A group of 12 associations representing state and local officials on Wednesday asked Congress to include direct financial support for IT and cybersecurity infrastructure in any future emergency relief package responding to the COVID-19 pandemic.
In a letter addressed to congressional leaders, the coalition, led by the National Governors Association, wrote that the ongoing public health crisis has put unprecedented strains on state and local governments’ technology assets and opened them up to new cybersecurity risks that cannot be remedied without additional funding from the federal government.
“COVID-19 has required our workforces, educational systems and general way of life to quickly move remotely, exerting greater pressure on cybersecurity and IT professionals and increasing the risk of vulnerabilities and gaps to state and local networks,” the letter reads. “These gaps are exacerbated by systems requiring modernization that do not foster remote work, which also increases the risks to employees supporting these systems.”
Along with the NGA, the letter was signed by the National Association of State Chief Information Officers, National League of Cities, National Association of Counties and National Association of State Legislatures, among other groups.
States and cities moving the bulk of their employees to remote work has tested government IT functions in unforeseen ways as the pandemic arrived in the United States, including heightened risk of cyberattacks as workers log in from their homes using personal devices. But the continued spread of the novel coronavirus has also exposed other shortcomings with state IT, especially the widespread breakdown of unemployment benefit platforms, prompted by job losses of more than 26 million Americans in just a little over a month.
The shuttering of schools and universities in favor of remote learning has also revealed deep divisions in the availability of high-speed internet, with families in rural and low-income communities struggling to keep their kids connected to their teachers.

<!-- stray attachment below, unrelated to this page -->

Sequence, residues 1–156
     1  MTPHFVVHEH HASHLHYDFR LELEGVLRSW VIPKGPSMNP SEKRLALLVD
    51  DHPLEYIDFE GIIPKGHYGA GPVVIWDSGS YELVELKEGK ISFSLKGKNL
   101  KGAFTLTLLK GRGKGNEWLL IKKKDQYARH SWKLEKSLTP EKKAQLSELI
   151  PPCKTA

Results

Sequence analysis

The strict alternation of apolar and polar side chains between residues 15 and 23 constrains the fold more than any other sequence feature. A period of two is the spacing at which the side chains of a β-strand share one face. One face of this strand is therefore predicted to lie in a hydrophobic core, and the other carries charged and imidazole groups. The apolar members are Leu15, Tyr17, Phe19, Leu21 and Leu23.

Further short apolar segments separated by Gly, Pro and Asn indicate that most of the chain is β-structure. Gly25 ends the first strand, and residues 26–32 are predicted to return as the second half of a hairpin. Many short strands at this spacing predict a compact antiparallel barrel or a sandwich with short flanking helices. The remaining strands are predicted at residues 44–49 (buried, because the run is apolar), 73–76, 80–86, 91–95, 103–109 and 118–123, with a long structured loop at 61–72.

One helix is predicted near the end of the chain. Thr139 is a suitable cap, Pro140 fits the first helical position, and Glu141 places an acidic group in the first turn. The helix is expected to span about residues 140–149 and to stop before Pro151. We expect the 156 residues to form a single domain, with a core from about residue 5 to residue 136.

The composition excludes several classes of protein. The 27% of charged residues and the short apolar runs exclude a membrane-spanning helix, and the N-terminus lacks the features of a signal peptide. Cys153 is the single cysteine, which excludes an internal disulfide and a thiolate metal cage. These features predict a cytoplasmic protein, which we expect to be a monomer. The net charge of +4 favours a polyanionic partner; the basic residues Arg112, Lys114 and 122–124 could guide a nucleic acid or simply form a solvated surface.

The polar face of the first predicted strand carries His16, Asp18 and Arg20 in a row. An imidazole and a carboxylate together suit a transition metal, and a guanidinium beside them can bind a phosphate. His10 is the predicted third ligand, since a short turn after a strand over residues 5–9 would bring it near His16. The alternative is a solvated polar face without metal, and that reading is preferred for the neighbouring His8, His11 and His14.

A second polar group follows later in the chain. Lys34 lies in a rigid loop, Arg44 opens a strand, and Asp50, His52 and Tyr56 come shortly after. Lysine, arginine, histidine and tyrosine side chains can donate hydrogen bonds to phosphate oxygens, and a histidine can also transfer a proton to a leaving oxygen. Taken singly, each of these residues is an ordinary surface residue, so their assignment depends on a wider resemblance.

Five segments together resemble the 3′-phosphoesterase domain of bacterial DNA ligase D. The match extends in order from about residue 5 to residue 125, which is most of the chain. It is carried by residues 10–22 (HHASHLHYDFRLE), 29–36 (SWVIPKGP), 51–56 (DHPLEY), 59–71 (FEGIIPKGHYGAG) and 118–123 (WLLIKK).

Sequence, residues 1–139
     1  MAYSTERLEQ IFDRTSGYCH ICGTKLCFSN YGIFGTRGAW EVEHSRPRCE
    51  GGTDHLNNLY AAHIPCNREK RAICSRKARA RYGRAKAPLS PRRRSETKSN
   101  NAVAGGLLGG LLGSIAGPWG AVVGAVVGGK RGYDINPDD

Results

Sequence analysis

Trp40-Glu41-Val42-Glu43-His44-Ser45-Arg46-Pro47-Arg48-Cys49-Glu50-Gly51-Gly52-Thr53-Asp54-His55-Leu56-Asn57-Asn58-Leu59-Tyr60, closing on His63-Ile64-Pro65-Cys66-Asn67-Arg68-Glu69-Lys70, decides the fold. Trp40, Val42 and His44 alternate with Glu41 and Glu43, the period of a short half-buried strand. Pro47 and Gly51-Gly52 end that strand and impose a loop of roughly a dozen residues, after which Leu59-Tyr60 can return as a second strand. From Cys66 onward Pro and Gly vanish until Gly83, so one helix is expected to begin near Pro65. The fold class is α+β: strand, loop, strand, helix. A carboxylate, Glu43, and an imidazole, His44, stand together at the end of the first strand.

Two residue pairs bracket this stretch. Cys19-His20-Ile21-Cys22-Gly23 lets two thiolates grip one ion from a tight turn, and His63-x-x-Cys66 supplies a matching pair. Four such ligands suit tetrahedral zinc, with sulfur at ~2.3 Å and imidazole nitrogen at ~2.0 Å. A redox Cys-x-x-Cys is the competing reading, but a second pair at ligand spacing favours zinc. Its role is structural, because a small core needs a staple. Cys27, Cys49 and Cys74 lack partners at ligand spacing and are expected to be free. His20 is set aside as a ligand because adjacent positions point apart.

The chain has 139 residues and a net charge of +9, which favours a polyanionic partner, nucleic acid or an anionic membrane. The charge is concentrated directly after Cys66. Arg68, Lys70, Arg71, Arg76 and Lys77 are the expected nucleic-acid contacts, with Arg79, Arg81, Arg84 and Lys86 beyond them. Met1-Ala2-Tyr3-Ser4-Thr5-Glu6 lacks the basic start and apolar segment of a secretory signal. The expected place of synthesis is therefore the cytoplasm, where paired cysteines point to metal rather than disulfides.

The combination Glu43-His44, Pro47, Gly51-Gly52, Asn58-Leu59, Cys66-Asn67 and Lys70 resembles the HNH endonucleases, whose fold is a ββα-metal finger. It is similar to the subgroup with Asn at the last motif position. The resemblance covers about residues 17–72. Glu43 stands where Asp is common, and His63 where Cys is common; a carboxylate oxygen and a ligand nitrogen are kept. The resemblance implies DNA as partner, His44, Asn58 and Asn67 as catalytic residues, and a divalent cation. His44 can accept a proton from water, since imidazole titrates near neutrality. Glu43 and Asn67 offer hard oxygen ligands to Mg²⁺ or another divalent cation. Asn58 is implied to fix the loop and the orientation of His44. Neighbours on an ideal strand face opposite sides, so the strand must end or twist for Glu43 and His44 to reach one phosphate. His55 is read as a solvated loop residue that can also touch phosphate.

The $2.3 trillion relief package signed in March contained some funding for federal broadband grant programs, but the state officials’ letter on Wednesday urged that broader support for government technology is needed, especially as states and cities face significant revenue shortfalls due to the sudden halt in economic activity.
“Increased traffic to unemployment portals and health insurance marketplaces has created additional risks as systems are being modified or created to handle the exponential increase in demand,” the letter stated. “This surge on our information technology infrastructure requires additional investment in both funding and manpower to keep up with the massive usage.”
The National Governors Association, led by Maryland Republican Larry Hogan and New York Democrat Andrew Cuomo, has said the next relief bill should contain at least $500 billion for states to shore up their budgets — and those of their localities — to avoid steep layoffs in public safety, education and other government services, including the technology projects that support critical public services. (Furloughs have already started in some states, including Michigan, which has cut the pay and hours of nearly 3,000 government employees.)
The state officials also urged that any financial support include specific cybersecurity aid because of remote-work conditions and the fact that malicious actors are retooling their tactics to take advantage of the pandemic, as Washington state chief information security officer Vinod Brahmapuram said last week. A group of House Democrats and handful of tech-industry associations this month said additional COVID-19 relief legislation should include provisions from the State and Local Government Cybersecurity Improvement Act, a bill that would create an annual $400 million grant program.
Adam Comis, a spokesman for House Homeland Security Chairman Bennie Thompson, D-Miss., said the panel is “still working” on getting state and local cybersecurity funding into the next relief bill.
But Congress remains divided over whether an additional aid package should include any support to states and localities. Senate Majority Leader Mitch McConnell, R-Ky., suggested last week that states should declare bankruptcy. But House Ways and Means Chairman Richard Neal, D-Mass., said House Democrats are working on a state and local aid plan during a video session with the U.S. Conference of Mayors. Meanwhile, President Donald Trump has mused about putting his own conditions on state and local support, such as tying it to immigration policies.
James Nash, a spokesman for the NGA, said that the situation for state governments has only gotten bleaker since the group made its initial request for federal support earlier this month.
“All of the conditions that led governors to request federal aid remain in place,” he told StateScoop. “If anything, the economic outlook for states has gotten more grim since then.”